"Is it possible to modify this bracer to store Obsidian?"

"We'll have to try it, but it seems possible. However, since the liquid is naturally heavier than Mana, we'll need to focus on making it lighter. We'll also need to increase the length to expand the space. And we'll need to engrave Runes."

At Binkis' words, Daud crossed his arms and snorted.

"As long as there's enough space to draw a circle, it's fine."

Reassuring words. Binkis smiled faintly and said,

"Well, shall we begin?"

* * *

While Binkis and Daud were modifying the three-dimensional blueprint, Frondier sat facing Edwin.

Edwin was carefully examining Frondier's hand, specifically his fingertips.

"Hmm, this should be enough to use fingerprints."

"Are there cases where fingerprints can't be used?"

"Quite a few. When they're worn down and too faint, or completely gone. It's rare for students, but I see it often at Constel. The family training must have been intense before they even enrolled. I can't imagine what they do."

Edwin then picked up the necklace Frondier had brought.

"When you use the necklace, remember the back here. Of course, we'll be making a new necklace, but the design won't change much. From now on, when you break it, press here with your finger."

"Does it matter which finger I use?"

"No. I'll register all ten fingerprints for you."

Edwin said it so casually that Frondier was momentarily confused. Is that really that easy? Judging by Sybil's open mouth as she listened quietly beside him, it didn't seem like it.

"Fingerprint recognition, that's amazing."

Fingerprint recognition felt very modern, so Frondier was genuinely impressed.

Meanwhile, Edwin was holding a lens-like object against Frondier's finger and injecting Mana into it. It seemed like he was recording the fingerprint. He wasn't sure.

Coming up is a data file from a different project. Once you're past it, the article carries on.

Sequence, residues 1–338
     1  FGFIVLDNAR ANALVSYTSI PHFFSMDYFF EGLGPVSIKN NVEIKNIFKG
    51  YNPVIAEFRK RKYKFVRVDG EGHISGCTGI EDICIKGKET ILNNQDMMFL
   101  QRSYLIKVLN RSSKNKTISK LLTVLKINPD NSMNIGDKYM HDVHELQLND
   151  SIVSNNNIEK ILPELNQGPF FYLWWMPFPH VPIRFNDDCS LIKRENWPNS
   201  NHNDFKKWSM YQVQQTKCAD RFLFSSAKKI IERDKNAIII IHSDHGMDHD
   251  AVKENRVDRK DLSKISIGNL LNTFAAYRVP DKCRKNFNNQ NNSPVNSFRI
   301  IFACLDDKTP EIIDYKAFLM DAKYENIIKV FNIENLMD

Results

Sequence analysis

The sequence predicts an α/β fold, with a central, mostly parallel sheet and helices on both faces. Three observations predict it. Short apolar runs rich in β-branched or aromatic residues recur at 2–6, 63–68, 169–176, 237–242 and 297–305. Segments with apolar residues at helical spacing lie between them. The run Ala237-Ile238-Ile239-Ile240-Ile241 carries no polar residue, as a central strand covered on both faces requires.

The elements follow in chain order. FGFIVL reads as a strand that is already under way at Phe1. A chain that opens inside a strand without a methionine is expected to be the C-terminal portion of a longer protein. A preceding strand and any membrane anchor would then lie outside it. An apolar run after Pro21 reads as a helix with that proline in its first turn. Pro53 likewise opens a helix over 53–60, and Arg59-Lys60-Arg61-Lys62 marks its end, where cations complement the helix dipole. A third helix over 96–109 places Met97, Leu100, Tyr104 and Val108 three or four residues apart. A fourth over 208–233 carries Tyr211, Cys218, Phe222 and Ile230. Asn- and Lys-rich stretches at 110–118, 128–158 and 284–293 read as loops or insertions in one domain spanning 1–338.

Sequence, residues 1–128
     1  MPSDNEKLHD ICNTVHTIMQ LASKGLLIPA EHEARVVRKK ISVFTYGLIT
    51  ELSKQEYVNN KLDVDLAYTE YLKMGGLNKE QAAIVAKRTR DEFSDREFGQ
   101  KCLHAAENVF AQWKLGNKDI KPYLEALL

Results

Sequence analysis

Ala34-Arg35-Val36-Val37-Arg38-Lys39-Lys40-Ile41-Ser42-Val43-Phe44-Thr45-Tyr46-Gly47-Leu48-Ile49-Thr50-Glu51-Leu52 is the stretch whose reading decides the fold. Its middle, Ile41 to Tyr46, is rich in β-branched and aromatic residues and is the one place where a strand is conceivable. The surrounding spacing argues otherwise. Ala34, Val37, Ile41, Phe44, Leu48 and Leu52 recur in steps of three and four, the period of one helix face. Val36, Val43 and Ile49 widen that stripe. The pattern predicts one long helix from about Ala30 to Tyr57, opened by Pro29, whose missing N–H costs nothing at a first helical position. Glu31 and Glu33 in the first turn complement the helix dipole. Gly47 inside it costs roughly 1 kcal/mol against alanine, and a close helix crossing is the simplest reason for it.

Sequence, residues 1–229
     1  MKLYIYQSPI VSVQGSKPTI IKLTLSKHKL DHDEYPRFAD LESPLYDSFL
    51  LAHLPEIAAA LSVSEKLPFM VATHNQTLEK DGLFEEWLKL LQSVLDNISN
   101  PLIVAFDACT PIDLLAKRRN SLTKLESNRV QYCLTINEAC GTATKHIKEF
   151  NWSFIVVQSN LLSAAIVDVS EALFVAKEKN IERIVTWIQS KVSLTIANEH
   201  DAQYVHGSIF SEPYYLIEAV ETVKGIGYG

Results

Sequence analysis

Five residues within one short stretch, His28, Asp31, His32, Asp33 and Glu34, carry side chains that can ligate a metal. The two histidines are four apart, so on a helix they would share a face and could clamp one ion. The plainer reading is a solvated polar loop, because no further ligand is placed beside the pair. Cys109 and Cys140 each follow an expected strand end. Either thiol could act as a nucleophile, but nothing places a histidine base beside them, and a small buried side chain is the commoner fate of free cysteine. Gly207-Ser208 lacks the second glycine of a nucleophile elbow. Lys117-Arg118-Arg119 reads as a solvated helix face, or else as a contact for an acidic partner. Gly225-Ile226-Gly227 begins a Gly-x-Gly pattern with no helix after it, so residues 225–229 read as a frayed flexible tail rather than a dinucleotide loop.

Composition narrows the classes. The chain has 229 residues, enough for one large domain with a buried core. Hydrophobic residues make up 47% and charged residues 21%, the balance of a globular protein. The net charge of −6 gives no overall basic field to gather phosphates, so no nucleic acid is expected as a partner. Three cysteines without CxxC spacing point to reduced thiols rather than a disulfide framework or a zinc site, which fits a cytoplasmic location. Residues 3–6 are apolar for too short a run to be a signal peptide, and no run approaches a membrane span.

"It's not that amazing since we use magic to magnify, observe, and record. In terms of principles, it's simpler than creating a flame. The important thing is maneuverability. Even with magic, you need to apply Mana thinly while maintaining a consistent Mana uniformity. It's more of a skill than magic. That's why so few people do it."

Edwin explained while checking and moving on to each of Frondier's fingers.

"Now, your left hand."

"...That's all it took?"


Frondier was speechless at the blunt reply and offered his left hand.

This person, maybe he never needed to feel inferior in the first place?


Still examining his fingers with the lens, Edwin spoke.

"What do you think about gods?"


"You met Hephaestus, right? You even indirectly fought him. I thought your perspective might be different from others."

It was Sybil, who was listening quietly beside them, who actually perked up at Edwin's words.

Sybil remembered what Frondier had said in front of the sanctuary.

- I don't believe in gods. Because I don't believe in fate.

That had been the turning point that changed Sybil's values. She felt ashamed of her carefree thought that everything would work out on its own, and realized that her life was entirely hers, even if she received help.

But what about Frondier himself? What kind of life had he lived, what kind of experiences had he gone through, to make him say that?

"...I don't particularly have any thoughts about gods."